People vs. systems
On Monday, Jamie Notter wrote a post titled "Working with Other Humans Is Not Optional." He included a rather funny (in a soul crushing kind of way) comic, "The Cycle of (Time) Suck," which makes light of having to endure endless email and lengthy meetings in the workplace.
The comic raises this question in my mind: If you're buried in inefficient email and meetings, is your problem caused by email and meetings as tools or by the people using the email and running the meetings?
My answer to any question like this, about people versus systems, is always that people are the more important factor. People might not be the ones to blame, per se, but their influence is always greater, which is why I liked the title of Jamie's post. Whatever you do, however you do it, humans—with all their strengths and flaws—will be involved.
I'm not a systems guy. I might be jaded, though, by so many plans for new systems and tools that aim to solve all of our problems but somehow never take into account how normal human beings might interact with them (or that assume people will quickly change their normal behavior when they use them).
Even the best system won't work without people who are happy to work in it, but I believe competent people can still get a lot of work done without a great system in place. (Jim Collins was on to something when he said "Get the right people on the bus.") Of course, having both efficient people and efficient systems in place is ideal, but if I had to choose one over the other, I'd always go with the people.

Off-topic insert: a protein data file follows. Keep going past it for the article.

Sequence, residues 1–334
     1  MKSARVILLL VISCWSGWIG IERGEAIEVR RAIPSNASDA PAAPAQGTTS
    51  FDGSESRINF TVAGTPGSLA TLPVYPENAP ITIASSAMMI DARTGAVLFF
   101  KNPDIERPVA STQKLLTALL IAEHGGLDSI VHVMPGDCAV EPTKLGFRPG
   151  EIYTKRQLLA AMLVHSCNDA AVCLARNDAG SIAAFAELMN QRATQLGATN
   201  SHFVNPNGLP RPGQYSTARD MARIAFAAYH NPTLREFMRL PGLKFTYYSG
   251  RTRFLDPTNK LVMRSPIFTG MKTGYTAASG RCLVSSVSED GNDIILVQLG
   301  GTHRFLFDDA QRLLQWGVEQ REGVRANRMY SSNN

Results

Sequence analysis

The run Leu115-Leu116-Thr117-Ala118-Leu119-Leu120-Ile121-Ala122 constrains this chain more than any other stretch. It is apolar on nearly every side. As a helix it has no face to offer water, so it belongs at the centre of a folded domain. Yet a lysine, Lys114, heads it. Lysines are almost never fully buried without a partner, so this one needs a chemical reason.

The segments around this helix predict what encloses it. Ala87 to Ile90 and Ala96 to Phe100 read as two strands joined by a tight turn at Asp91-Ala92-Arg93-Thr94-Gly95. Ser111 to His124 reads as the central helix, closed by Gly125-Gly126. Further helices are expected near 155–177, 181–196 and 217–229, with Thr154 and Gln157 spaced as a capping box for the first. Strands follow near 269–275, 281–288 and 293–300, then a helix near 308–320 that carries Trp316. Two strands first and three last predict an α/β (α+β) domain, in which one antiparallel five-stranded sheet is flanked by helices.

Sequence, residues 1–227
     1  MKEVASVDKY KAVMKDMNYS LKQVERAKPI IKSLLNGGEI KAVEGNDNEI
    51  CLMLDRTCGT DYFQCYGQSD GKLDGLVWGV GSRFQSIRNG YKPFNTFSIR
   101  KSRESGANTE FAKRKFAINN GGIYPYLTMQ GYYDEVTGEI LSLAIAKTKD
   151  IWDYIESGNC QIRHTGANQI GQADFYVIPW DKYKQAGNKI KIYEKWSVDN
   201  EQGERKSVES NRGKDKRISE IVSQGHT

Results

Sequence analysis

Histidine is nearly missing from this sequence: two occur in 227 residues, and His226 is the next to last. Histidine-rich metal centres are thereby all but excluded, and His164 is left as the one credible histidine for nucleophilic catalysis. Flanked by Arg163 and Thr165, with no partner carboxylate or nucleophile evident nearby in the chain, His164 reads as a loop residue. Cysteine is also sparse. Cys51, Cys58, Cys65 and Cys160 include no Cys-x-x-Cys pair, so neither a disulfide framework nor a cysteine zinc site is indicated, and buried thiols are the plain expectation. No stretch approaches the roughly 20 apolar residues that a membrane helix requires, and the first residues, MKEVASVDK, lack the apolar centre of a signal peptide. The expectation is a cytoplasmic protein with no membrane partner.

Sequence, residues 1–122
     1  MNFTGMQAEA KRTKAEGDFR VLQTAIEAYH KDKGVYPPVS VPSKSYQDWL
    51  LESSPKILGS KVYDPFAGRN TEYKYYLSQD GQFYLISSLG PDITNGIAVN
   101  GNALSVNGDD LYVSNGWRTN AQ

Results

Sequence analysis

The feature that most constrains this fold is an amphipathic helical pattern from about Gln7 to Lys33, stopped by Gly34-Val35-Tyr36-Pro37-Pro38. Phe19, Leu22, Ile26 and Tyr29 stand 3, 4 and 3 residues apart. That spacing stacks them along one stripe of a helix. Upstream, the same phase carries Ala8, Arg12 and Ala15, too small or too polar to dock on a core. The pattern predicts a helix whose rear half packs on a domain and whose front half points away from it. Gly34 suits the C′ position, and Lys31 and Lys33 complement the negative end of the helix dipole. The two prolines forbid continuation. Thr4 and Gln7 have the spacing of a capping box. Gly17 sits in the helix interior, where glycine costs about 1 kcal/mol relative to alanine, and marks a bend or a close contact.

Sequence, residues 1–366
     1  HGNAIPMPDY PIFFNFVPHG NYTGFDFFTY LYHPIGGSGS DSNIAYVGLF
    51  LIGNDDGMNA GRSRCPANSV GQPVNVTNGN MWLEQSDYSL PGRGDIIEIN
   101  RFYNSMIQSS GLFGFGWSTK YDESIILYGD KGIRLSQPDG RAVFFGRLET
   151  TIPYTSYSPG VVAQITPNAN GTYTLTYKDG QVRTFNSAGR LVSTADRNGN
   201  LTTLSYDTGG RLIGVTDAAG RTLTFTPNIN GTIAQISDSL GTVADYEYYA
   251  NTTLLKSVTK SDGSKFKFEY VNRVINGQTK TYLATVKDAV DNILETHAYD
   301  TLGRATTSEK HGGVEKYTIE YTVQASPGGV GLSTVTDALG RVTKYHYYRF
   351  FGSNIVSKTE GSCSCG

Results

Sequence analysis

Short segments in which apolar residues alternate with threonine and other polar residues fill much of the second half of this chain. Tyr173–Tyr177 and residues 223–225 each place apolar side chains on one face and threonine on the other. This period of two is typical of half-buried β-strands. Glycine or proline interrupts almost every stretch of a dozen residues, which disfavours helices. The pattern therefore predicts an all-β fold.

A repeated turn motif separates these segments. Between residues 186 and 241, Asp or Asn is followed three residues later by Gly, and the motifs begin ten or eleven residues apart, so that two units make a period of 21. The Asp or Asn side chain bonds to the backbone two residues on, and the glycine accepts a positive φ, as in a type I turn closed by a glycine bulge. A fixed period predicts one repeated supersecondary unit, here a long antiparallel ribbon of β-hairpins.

For associations, the volume, variety, and constant churn of people in our work make this doubly important. Any problem you have is a people problem, and any system you build should be designed with real people in mind, first.
I know some of you out there are systems thinkers. Is my perspective on this missing something? Or am I just stating the obvious? Curious for your thoughts.
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